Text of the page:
Comparative Analysis for Computer-Based Decision Support: Case Study of Knee Osteoarthritis

  • Philippa Grace McCabeEmail author
  • Ivan Olier
  • Sandra Ortega-Martorell
  • Ian Jarman
  • Vasilios Baltzopoulos
  • Paulo Lisboa
Conference paper
Part of the Lecture Notes in Computer Science book series (LNCS, volume 11872)


This case study benchmarks a range of statistical and machine learning methods relevant to computer-based decision support in clinical medicine, focusing on the diagnosis of knee osteoarthritis at first presentation. The methods, comprising logistic regression, Multilayer Perceptron (MLP), Chi-square Automatic Interaction Detector (CHAID) and Classification and Regression Trees (CART), are applied to a public domain database, the Osteoarthritis Initiative (OAI), a 10 year longitudinal study starting in 2002 (n = 4,796). In this real-world application, it is shown that logistic regression is comparable with the neural networks and decision trees for discrimination of positive diagnosis on this data set. This is likely because of weak non-linearities among high levels of noise. After comparing the explanations provided by the different methods, it is concluded that the interpretability of the risk score index provided by logistic regression is expressed in a form that most naturally integrates with clinical reasoning. The reason for this is that it gives a statistical assessment of the weight of evidence for making the diagnosis, so providing a direction for future research to improve explanation of generic non-linear models.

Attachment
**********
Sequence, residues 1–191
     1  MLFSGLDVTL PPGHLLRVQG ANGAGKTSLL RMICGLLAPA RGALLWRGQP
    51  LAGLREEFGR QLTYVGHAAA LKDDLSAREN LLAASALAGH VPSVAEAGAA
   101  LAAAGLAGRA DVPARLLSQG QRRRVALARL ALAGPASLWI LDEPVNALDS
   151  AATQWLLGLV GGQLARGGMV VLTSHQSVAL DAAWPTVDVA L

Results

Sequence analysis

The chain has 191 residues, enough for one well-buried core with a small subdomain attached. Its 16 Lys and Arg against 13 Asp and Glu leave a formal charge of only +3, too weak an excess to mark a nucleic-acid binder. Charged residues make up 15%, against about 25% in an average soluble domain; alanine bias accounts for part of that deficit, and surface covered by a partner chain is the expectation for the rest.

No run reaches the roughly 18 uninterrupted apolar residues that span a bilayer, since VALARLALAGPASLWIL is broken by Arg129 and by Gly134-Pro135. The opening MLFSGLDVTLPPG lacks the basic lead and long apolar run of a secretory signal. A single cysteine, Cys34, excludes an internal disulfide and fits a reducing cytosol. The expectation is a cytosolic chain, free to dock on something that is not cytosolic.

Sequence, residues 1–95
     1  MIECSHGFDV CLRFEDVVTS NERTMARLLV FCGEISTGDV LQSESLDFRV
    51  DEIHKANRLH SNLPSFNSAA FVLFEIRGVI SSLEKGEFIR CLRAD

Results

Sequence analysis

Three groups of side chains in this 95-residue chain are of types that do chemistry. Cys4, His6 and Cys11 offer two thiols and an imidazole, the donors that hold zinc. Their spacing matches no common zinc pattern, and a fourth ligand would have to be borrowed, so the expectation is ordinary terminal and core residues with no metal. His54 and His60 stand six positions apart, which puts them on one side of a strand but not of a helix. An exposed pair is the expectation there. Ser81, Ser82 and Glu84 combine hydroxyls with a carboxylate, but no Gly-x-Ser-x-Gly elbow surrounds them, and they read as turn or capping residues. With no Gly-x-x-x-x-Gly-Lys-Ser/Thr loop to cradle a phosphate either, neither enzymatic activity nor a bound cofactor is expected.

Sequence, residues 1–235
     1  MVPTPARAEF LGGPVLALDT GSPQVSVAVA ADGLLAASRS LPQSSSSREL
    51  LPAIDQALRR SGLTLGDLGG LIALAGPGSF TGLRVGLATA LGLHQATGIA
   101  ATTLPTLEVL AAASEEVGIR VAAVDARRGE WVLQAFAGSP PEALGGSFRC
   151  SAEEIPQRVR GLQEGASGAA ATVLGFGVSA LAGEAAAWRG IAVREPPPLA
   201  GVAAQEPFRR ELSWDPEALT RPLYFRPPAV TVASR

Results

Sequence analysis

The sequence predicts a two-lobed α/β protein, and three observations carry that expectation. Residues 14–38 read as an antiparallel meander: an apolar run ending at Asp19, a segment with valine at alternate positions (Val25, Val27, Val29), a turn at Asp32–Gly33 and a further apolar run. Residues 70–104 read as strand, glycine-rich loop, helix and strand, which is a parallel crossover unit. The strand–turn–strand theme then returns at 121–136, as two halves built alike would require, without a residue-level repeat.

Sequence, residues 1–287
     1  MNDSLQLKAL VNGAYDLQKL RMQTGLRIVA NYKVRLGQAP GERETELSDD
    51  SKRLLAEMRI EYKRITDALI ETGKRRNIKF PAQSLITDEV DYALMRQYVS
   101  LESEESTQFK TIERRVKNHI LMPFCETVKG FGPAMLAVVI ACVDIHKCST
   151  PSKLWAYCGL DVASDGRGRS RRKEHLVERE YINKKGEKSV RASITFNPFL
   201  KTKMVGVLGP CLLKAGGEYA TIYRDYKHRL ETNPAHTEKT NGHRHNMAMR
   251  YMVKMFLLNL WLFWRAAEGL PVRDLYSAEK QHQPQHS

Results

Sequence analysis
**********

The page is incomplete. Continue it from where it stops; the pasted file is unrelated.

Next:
Comparative analysis Neural networks Logistic regression Decision trees Osteoarthritis Healthcare 



This work was funded under EU Grant OActive from the European Community’s H2020 Programme. The OActive project looks to use advanced multi-scale computer models to better understand the risk factors associated with OA in order to prevent and delay the onset and progression of OA. Grant number 777159.


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© Springer Nature Switzerland AG 2019

Authors and Affiliations

  1. 1.Department of Applied MathematicsLiverpool John Moores UniversityLiverpoolUK
  2. 2.Research Institute for Sport and Exercise SciencesLiverpool John Moores UniversityLiverpoolUK

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